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Old 10-13-2009, 10:00 AM   #1
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Nancy G.
Winterizing question

This is our first year winterizing a TT--previously we had a popup. Our TT will be stored in a garage/barn setup with no door on the front. Previously our popup was stored next to our house. I always took the mattresses and cushions out to prevent rodent damage and put Bounce everywhere. Things were always fine except for a musty smell in the spring. Will that happen with our TT and if so--how can we prevent it??

Nancy
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Old 10-13-2009, 10:12 AM   #2
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Nancy,

A musty odor could be a sign of a small leak.. or not..

That said, of course anytime a room/house/whatever is locked up tight for a while you get that stale odor. Add in the temperature and humidity changes and there is that slight musty odor as well.

I purchased one of these damp rid containers last year and kept it in the trailer over the winter. It picked up maybe a pint of water from November - March and there was no musty odor in the trailer. Now that was the first winter we had it so I dont really have experience without the damp rid in there.

Anyway, here's the unit I bought:

http://shop.wmbarr.com/store/p-17-ea...-per-case.aspx

I paid about $20 at home depot.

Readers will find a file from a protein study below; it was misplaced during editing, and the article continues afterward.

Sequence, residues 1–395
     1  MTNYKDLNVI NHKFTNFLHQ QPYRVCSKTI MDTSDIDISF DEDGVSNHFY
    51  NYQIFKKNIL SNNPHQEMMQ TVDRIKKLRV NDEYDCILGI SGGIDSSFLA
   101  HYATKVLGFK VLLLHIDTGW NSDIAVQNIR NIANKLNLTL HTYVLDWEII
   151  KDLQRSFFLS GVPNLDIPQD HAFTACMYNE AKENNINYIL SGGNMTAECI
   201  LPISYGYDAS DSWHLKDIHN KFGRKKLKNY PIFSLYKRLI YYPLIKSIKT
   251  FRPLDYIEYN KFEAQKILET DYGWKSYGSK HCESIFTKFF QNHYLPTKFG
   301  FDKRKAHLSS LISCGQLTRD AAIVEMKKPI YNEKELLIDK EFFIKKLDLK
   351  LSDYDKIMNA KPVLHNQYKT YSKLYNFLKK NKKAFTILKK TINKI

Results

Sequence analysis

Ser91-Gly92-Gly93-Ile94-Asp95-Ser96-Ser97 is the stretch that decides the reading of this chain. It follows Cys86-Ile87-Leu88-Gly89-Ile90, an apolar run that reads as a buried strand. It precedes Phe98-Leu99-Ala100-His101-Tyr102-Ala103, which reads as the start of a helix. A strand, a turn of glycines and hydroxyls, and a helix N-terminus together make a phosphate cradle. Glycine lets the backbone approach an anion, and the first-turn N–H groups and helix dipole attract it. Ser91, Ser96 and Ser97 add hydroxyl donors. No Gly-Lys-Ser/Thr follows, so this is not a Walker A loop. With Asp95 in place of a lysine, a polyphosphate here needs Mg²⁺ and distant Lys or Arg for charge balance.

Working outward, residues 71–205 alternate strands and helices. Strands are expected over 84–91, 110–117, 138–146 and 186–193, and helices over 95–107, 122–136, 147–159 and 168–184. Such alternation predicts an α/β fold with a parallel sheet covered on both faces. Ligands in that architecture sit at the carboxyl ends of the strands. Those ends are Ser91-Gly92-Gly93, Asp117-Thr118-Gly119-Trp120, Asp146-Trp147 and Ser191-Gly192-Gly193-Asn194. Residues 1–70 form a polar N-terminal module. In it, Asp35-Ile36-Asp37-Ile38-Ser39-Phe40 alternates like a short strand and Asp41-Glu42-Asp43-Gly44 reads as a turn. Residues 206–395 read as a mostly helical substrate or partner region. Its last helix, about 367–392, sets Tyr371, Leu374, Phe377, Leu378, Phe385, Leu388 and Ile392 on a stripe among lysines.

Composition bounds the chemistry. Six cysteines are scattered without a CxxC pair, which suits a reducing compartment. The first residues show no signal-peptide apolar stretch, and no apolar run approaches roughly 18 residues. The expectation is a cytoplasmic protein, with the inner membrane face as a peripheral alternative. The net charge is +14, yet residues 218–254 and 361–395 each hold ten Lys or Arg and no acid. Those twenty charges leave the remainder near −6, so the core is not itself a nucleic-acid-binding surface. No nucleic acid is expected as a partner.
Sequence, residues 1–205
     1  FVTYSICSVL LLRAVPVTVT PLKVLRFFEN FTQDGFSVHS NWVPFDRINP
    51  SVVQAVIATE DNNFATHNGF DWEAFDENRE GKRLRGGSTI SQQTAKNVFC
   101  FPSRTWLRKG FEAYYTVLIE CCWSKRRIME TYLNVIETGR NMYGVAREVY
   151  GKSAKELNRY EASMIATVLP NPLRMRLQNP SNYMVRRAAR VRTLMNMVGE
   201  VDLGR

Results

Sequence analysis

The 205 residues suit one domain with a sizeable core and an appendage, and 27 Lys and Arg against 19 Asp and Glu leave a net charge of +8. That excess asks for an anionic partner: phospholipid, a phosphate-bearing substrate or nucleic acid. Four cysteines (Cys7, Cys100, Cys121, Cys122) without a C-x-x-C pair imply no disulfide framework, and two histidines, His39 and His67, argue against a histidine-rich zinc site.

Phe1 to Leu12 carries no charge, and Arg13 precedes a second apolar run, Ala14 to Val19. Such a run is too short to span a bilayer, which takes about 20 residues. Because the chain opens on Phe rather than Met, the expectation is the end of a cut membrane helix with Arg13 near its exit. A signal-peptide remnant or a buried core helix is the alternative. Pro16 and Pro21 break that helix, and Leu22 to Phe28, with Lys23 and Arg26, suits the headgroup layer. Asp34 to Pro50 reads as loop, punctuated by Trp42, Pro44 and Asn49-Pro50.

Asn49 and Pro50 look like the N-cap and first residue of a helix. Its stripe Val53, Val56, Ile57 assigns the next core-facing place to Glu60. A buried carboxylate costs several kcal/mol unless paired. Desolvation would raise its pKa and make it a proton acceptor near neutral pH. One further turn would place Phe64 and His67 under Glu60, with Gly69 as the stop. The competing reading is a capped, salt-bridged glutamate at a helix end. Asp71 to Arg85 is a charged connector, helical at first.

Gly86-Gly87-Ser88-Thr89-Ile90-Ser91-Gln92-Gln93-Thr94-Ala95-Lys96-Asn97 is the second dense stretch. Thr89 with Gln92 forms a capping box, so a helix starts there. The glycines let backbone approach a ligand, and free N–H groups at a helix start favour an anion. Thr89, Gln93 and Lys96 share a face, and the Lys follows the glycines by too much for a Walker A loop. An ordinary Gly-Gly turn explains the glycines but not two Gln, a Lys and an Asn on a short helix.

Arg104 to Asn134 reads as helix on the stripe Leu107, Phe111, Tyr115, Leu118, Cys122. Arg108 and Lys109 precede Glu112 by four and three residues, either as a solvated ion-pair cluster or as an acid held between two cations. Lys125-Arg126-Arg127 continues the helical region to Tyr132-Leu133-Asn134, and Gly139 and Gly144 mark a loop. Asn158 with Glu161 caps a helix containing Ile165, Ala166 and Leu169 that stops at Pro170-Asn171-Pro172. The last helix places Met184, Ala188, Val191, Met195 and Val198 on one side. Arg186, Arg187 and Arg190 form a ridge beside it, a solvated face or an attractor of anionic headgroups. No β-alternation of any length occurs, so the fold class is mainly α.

- Frank
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Old 10-13-2009, 10:44 AM   #3
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Re: Winterizing question

Quote:
Originally Posted by Nancy G.
This is our first year winterizing a TT--previously we had a popup. Our TT will be stored in a garage/barn setup with no door on the front. Previously our popup was stored next to our house. I always took the mattresses and cushions out to prevent rodent damage and put Bounce everywhere. Things were always fine except for a musty smell in the spring. Will that happen with our TT and if so--how can we prevent it??
Nancy, our Sunline is now 10 years old. We store it outdoors next to our home in the country. Mice in particular are a continuous problem for us both in the house and in the trailer. We deal with that by leaving D-Con mouse baits in the trailer and our basement.

In the trailer I place baits where they can not be reached by our dog. In the kitchen, I pull a bottom drawer and place a bait on the floor inside the cabinet. Same for the bathroom, under the bed storage area, and one in the compartment where the shore line is stored. Basically, I put them where ever mice might first explore if they enter the trailer at all.

I also place fresh ant traps in the same locations several times a year. We maintain mouse and ant control in the trailer year 'round.